Taking a Closer Look at Tannins
Biologist Harry Godwin collects rainwater that had run down a tree to test it for tannins or other phenolic compounds. Behind him, technician Jennifer Harrah collects soil for experiments to determine whether the compounds affect soil organic matter and nutrient cycling.
The tannins that bring us good red wine and fall colors may also be those that make soil good and livestock healthy. Phenolic compounds, including tannins, are common in many plants. These compounds are believed to enter soil from plant roots, from decaying leaves, and possibly from “teas” formed as rain and snowmelt run down tree bark and drip off the leaves.
Javier Gonzalez, a chemist, and Jonathan Halvorson, a soil scientist, at the Agricultural Research Service’s Appalachian Farming Systems Research Center (AFSRC) in Beaver, West Virginia, head a tannin project, now in its third year. Together with studies by other AFSRC scientists, their work indicates that tannins are important components of agroecosystems that can affect production and environmental quality.
Tannins and Silvopastures
The researchers became interested in tannins through their work with silvopastures, intentionally thinned wooded areas used to graze livestock. Soil processes and water quality in silvopastures may be influenced by the mix of trees or the type of compounds they release into soil.
Halvorson and Gonzalez wondered whether some species would add different chemical compounds, including tannins, to soil than others. They also wanted to know how the thinning would affect the types and amounts of tannins in soil and, in turn, the effects on soil organic matter and the entire ecosystem.
It all came down to one main question for Gonzalez: “Which trees should I cut down to make room for grazing livestock and not adversely affect soils in the long term?”
Sheep in a silvopasture at the Appalachian Farming Systems Research Center in Beaver, West Virginia.
She Wrote the Book on Tannins
A call from Halvorson with a question about tannins early in the project brought in the expert who literally wrote the book on tannins, Ann Hagerman.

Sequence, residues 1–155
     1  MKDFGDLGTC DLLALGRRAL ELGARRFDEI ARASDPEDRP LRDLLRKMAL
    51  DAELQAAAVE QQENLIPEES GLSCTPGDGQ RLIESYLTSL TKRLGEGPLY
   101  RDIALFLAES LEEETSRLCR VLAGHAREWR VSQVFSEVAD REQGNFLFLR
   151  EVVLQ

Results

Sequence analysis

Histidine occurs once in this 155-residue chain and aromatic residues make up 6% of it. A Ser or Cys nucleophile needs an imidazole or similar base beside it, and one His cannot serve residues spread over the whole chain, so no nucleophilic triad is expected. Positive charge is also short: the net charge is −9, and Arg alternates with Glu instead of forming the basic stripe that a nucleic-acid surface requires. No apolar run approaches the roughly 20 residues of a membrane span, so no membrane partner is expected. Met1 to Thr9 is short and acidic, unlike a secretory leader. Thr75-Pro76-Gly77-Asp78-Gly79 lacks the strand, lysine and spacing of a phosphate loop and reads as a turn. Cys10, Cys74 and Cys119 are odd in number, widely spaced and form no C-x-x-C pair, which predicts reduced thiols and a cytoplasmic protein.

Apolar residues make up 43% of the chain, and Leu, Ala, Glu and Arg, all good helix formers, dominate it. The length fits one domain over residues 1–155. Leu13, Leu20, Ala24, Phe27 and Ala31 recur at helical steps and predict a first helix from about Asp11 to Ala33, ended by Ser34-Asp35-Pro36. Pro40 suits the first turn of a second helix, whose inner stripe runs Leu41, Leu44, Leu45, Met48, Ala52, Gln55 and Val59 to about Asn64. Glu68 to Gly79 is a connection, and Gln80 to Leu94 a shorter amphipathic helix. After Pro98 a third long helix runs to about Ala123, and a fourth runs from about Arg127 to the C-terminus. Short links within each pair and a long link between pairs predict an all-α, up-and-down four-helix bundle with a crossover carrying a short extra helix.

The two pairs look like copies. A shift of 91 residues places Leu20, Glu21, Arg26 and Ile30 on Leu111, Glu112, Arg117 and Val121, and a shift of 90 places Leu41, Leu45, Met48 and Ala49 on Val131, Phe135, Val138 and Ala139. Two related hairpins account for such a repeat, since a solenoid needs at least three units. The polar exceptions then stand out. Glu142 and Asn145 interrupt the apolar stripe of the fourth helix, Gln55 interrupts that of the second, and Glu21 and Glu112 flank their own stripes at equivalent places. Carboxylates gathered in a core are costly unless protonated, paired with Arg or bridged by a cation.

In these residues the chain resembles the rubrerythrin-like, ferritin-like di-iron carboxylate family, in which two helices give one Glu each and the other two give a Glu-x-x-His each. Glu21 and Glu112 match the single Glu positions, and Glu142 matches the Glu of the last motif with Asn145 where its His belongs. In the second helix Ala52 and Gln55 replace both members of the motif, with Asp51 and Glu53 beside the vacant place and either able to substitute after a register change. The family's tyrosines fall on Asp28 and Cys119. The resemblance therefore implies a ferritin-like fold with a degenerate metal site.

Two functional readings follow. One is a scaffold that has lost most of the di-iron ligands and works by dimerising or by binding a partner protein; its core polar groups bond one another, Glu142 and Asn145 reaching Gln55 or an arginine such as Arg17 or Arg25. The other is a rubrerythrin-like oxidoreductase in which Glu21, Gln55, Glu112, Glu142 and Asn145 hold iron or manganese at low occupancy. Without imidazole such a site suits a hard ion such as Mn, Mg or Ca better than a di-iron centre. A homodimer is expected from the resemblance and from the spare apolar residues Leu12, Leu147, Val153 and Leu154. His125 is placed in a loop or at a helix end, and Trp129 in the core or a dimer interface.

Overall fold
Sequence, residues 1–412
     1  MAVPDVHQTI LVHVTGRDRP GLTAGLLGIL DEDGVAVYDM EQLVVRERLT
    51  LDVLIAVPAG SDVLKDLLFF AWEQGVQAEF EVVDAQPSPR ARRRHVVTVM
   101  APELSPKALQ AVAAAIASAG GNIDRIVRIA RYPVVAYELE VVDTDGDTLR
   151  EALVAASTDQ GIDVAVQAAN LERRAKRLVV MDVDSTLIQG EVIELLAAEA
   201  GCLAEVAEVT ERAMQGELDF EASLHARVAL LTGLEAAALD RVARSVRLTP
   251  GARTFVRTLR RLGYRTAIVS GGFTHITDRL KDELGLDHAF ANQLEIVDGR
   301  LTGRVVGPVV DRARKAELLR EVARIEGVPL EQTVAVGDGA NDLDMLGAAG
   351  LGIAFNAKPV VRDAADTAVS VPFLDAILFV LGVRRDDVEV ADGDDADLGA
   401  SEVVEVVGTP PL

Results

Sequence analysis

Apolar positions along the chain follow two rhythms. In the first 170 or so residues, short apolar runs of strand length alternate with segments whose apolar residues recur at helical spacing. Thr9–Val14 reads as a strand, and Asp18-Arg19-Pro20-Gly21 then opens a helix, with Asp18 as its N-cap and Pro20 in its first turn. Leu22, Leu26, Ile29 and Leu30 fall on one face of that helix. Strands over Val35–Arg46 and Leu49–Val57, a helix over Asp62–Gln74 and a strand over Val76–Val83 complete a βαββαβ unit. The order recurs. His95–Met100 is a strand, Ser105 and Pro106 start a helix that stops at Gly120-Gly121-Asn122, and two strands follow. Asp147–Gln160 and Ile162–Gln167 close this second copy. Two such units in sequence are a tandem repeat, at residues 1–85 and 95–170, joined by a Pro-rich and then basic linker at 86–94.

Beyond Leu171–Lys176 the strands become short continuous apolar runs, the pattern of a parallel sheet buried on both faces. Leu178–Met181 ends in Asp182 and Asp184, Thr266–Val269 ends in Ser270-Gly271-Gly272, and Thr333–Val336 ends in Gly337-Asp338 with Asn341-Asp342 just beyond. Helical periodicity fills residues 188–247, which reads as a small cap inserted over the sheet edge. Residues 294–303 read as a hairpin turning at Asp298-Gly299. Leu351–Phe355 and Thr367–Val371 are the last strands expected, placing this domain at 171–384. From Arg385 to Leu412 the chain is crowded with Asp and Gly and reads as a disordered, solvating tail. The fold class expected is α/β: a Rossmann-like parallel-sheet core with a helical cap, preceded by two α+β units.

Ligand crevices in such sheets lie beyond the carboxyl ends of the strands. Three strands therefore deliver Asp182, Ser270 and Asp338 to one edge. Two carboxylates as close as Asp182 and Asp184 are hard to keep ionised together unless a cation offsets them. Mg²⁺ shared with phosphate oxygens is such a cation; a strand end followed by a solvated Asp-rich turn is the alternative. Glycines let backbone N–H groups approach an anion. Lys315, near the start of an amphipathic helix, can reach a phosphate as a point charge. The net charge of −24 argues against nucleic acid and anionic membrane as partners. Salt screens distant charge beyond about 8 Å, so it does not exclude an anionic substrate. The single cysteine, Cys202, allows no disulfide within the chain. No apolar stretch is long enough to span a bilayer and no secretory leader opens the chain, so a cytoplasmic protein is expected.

Hagerman, of Miami University in Oxford, Ohio, is an expert on tannin chemistry. She wrote the Tannin Handbook, a compilation of methods developed in her laboratory for analyzing tannins.
Hagerman says, “Tannins in the environment are not a new topic. They’ve been targeted as being important players in soil formation and water chemistry for many years. But our understanding of the processes has been hampered for a long time by the very use of the term ‘tannin.’
“The problem is that there are probably at least 1,000 very distinct compounds that all fall into the category ‘tannin.’ This is where my chemistry background comes into play. When my lab does an experiment, we don’t think ‘tannin’—we go for a specific compound with a specific, known chemical structure.”
ARS technician Dianne Snuffer extracts tannins from samples of rainwater collected after it ran down trees. She is using the solid phase extraction technique to investigate the effects of tannins on soil organic matter, nutrient cycling, and water quality.
Testing Tannins’ Many Roles
A cooperative agreement, combining the capabilities of Hagerman’s lab with those of AFSRC, was developed to identify important features of tannins that determine their interaction with soils. Results from joint studies by Miami University staff and students and ARS scientists will be used to develop recommendations for using tannins to manage soil.
Halvorson, Gonzalez, Hagerman, and colleagues added tannin solutions to forest and pasture soil samples and found that the rate and amount of binding to soil varied by the type of tannin present. With ARS scientists from Pendleton, Oregon, they also tested the influence of different soil amendments on tannin binding and compared soils from around the United States and Canada. Halvorson and Gonzalez also observed how some tannins interact with soil proteins, another indicator of the important role of tannins in soils.
ARS scientists are also learning more about how tannins interact with important metals in soil. Studies headed by Gonzalez and a postdoctoral scientist at Miami University are determining how metals are mobilized in the soil by phenolic compounds related to tannins. In other work with Hagerman, AFSRC plant physiologist Thomas Kinraide found that binding by tannins may alleviate the toxic effects of metals, such as aluminum, on root growth.
Hagerman and ARS colleagues are also beginning studies of how forest soil microbes metabolize tannins and related compounds. They are using a device that measures CO2 emitted from microorganisms in soil. “We found the technique allowed us to accurately compare soil microbial responses to various tannin compounds,” Hagerman says. “This should help us learn about the varied ecological functions performed by tannins.”
Tannins May Benefit Livestock, Too
Other AFSRC scientists, including chemist Joyce Foster and animal scientist Kenneth Turner, are evaluating the nutritional and deworming potential of tannin-containing forages, like birdsfoot trefoil for goats.
With the knowledge gained from this project, scientists expect to learn how to manage agricultural soils for the benefit of production and the environment by taking advantage of natural help from certain tannins.—By Don Comis, Agricultural Research Service Information Staff.
This research is part of Pasture, Forage, and Range Land Systems (#215), an ARS national program described at www.nps.ars.usda.gov.
To reach scientists mentioned in this story, contact Don Comis, USDA-ARS Information Staff, 5601 Sunnyside Ave., Beltsville, MD 20705-5129; (301) 504-1625.
"Taking a Closer Look at Tannins" was published in the November/December 2010 issue of Agricultural Research magazine.